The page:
Cement kiln dust (CKD) is a waste product generated during the manufacture of Portland Cement. Volatile compound buildup in cement kilns results in the need to purge the system which stabilizes the process or brings the product quality within specifications. This paper outlines a stepwise approach for reducing CKD generation. The present cost penalties for generating CKD along with potential future liabilities of stored dust should make CKD reduction a main priority. Many cement plants have gone through similar investigations in the past, however most could benefit from re-examining their present dust wasting situation and applying new testing programs now available. This investigative process can be relatively simple and should be a high priority on any cement plant's agenda. Following a stepwise, organized approach can often result in large reductions in dust wasting. Today's technology allows the improved sampling and rapid chemical analysis needed for each plant to establish and follow a volatile management program resulting in the reduction of CKD generation View full abstract»

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  • Design of a new axially-laminated interior permanent magnet motor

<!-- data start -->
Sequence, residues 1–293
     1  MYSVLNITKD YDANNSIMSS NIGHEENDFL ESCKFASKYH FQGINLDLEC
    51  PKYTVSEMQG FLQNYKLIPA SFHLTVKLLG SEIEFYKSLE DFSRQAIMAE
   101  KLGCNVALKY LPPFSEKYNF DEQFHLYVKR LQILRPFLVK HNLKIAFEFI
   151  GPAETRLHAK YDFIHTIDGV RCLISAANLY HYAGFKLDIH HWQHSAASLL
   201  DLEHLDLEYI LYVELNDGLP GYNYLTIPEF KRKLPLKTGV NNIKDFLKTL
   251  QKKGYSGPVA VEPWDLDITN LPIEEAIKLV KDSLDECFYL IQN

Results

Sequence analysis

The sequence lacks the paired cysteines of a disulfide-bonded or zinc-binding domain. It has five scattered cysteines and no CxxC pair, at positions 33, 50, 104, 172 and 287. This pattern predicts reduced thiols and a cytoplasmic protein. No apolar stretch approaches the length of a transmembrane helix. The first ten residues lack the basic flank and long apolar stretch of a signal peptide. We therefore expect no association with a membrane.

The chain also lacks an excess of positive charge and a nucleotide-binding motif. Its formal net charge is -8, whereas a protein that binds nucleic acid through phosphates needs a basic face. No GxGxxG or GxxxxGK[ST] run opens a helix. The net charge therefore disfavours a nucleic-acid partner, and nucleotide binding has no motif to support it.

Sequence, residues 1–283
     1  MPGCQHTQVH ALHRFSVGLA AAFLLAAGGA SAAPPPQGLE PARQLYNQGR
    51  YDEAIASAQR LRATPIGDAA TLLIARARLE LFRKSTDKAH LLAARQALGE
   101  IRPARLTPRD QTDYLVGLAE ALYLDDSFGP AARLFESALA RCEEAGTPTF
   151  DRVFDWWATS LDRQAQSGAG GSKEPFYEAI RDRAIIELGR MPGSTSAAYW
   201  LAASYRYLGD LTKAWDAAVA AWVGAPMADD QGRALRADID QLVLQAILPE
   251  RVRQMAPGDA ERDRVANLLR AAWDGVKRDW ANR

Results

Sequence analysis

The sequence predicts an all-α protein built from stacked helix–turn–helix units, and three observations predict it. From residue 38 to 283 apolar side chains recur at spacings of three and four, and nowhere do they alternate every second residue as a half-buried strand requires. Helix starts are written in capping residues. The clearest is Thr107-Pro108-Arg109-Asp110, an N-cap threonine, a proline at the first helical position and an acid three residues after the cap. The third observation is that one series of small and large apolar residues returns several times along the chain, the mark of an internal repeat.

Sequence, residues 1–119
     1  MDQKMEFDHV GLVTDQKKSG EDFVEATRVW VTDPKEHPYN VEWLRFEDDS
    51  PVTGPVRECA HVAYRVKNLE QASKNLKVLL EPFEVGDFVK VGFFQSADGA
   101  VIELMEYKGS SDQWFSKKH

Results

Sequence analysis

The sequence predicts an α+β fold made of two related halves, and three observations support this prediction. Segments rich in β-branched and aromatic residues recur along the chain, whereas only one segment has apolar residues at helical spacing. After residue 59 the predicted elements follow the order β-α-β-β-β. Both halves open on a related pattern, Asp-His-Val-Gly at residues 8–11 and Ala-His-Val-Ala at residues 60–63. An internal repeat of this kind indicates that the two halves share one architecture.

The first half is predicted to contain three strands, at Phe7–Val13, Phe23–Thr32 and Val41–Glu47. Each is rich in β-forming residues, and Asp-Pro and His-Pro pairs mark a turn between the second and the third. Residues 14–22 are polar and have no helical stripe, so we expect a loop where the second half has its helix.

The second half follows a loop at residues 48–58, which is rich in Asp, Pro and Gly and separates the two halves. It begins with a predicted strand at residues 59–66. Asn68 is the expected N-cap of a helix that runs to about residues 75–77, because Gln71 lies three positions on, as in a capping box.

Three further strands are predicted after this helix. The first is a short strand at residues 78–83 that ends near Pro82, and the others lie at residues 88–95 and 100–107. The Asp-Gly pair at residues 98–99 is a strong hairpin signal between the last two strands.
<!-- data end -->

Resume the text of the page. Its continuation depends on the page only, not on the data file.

Publication Year: 1995 , Page(s): 358 - 367
    Cited by:  Papers (39)  |  Patents (1)
    Save to Project icon | Request Permissions | Click to expandQuick Abstract | PDF file iconPDF (964 KB)  

    The design of a new type of axially-laminated interior permanent magnet motor drive showing an extremely wide constant-power speed range which exceeds 7.5:1 is described. The effect on the field-weakening performance of the number of poles, the pole-piece material, the rotor bolt holes, the airgap size, the rotor insulation ratio, and the magnet type are analyzed using analytical and finite-element techniques. A 7.5-kW synchronous reluctance and a 7.5-kW interior permanent magnet axially-laminated rotor were built for a commercial induction motor stator and experimental low-speed and field-weakening results are presented View full abstract»